Multi-Ownership issues in 1031 exchanges?

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You and your co-partners, Fred and Sue, have decided to sell the small apartment building that you boght a few years ago. You got it for a steal and you've got a nice profit in it. It's not been on the maket long and you now have a full price offer.
You've always assumed that when you sold this property the three of you would roll into the purchase of another property, but Fred just told you that he wants to take his share and buy a new pickup. Yikes – and now Sue isn’t she so sure that she wants to buy another property. You don’t want to cash out because you’re pretty sure that Uncle Sam will take all your gain in taxes. Maybe selling the building wasn’t such a great idea.

Fighting the panic, you pick up the phone and call us afraid that you have a total tax disaster on your hands. You were hoping that you could do a 1031 exchange and roll your gain over to the new property and you certainly don’t want to pay most of your gain in taxes.
My first question to you is about how the title reads on your apartment building? You call Fred and Sue “your partners,” but what does that mean? Are they partners in the sense that you have a partnership that owns the building and files a partnership tax return? Or do you hold title as tenants-in-common but consider yourselves partners in the sense that you make decisions together?

Section 1031 says that the taxpayer that owns the Old Property must be the one that takes title to the New Property and report the 1031 exchange on its tax return. In your case, if your apartment building is owned by a legal partnership or an LLC, you, Fred and Sue must decide as a group if you’re going to roll the whole gain over by doing an exchange, or if you’ll all cash out and pay your taxes.

On the other hand, if you hold title individually as tenants-in-common, then your three separate tax returns own the apartment building, and each tax return (meaning each of you) can decide if you want to take your share of the cash and pay the tax, or do an exchange on your share. What you do does not depend on what your partners do.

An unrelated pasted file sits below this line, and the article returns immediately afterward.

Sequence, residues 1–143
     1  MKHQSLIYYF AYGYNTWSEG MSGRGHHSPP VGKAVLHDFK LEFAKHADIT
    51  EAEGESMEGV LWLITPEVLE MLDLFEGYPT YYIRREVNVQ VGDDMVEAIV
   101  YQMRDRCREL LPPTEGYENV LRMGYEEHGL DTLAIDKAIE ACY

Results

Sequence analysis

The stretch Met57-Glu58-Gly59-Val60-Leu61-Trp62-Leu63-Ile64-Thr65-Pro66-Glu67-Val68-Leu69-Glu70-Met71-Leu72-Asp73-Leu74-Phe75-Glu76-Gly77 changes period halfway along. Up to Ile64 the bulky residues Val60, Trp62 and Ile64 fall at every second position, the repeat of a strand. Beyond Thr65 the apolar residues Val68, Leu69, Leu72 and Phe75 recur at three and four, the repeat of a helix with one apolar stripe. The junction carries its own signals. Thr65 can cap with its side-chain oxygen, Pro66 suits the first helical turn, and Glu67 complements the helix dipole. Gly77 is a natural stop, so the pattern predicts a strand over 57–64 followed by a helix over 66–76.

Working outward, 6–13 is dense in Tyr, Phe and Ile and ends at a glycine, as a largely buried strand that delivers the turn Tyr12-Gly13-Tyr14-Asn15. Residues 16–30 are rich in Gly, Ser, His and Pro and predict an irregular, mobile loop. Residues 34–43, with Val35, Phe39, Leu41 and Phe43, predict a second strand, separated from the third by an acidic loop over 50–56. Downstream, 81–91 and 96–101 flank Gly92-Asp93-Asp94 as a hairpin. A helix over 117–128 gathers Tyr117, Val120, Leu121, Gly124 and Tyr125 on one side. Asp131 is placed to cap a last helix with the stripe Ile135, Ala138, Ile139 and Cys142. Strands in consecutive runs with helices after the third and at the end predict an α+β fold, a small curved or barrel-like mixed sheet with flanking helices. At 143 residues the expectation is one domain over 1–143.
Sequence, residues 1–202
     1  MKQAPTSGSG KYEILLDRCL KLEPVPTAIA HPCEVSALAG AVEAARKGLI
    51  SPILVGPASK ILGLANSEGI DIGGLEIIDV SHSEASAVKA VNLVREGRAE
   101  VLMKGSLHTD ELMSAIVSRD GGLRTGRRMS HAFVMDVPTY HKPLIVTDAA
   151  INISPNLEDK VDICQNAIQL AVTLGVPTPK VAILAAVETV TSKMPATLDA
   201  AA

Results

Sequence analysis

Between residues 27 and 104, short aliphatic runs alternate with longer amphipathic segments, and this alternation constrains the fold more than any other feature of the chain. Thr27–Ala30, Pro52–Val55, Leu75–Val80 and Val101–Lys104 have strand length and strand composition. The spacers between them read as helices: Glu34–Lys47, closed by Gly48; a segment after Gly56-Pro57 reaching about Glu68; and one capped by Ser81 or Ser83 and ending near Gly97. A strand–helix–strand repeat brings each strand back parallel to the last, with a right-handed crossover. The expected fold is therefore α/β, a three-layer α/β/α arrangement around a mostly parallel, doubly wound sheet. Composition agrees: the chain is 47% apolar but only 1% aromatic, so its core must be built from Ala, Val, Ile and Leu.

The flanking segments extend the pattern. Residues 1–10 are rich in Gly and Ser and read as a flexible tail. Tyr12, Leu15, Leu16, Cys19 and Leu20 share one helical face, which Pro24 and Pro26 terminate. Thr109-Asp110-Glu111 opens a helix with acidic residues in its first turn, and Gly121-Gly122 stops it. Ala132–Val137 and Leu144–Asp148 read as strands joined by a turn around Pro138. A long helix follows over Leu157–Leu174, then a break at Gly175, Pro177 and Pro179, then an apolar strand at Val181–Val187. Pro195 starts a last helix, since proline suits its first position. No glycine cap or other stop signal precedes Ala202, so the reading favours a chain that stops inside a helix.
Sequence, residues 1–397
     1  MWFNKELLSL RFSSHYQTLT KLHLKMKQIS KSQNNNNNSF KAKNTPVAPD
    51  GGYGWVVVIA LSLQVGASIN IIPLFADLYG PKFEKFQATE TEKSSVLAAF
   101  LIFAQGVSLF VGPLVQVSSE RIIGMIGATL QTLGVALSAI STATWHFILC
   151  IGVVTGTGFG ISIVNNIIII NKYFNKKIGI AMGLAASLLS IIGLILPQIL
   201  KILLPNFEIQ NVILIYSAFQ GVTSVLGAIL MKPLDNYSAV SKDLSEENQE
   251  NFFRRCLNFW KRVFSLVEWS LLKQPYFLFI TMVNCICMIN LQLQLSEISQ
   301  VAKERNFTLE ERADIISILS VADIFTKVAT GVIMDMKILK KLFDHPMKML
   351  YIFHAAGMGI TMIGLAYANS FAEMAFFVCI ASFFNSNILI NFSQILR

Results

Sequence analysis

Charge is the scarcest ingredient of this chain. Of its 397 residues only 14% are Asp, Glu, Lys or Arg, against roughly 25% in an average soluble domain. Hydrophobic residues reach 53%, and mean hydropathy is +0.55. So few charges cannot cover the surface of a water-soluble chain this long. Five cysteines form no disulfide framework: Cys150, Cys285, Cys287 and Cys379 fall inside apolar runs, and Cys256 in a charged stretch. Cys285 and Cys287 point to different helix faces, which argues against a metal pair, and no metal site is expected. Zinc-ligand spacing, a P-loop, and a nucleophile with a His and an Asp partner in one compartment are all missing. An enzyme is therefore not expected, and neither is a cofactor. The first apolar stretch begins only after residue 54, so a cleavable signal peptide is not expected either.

Bad news – after calling your CPA you’ve determined that in fact you do hold title as an LLC meaning that the LLC is the one that must do the exchange. You’ve tried to talk Fred into going along with you and Sue in rolling over the gain, but he’s already picked the options for his new pick-up and now he tells you that he’s also booked a cruise in anticipation of the money he’s getting from the sale. Sue’s figured what her tax would be if she took the cash and she’s appalled and is with you on wanting to roll over the gain. So you call me back: “can you and Sue do an exchange while letting Fred take his cash and pay his tax?”

First of all you can’t dis-solve the LLC, although this is a common suggestion from most attorneys. Section 1031 requires that the property you’re exchanging must be held for investment and not for resale. Although the terms are not defined by the code, court cases generally hold that you have to hold an investment for more than a year for it to meet the definition of held for investment. Dissolving the LLC and transferring ownership to tenants-in-common will start the one year holding period over, which will disallow your exchanges if you sell right away. The IRS calls it a drop and swap and it’s a big no-no.

However, could you drop Fred out of the LLC allowing you and Sue to roll your gains over? Remember: the taxpayer (the LLC in this case) has to stay intact, but the IRS will allow you to drop members out of it as long as more than half of the original ownership stays intact. If you drop Fred out of the LLC, you’ll still have two thirds of the original ownership, so you’re okay there.
After you drop Fred out, the ownership title of the apartment building will be an undivided two thirds owned by the LLC and an undivided one third owned by Fred. This means that a third of the proceeds will go to Fred and two thirds will go into the LLC’s 1031 exchange account.

What about Fred – how will this impact him? Well, there’s another IRS code section that says that if you’ve owned an interest in a partnership or an LLC, and that interest is converted into a tenant-in-common interest which you then sell and have to pay tax on, the holding period of your ownership of the partnership/LLC is added to your ownership of your tenant-in-common interest to determine if the gain is short-term capital gain or long-term capital gain. Long-term capital gains pay less tax.
The end result of this strategy is that Fred can buy his pickup and take his cruise, and you and Sue can roll your gain over in a 1031 Exchange.

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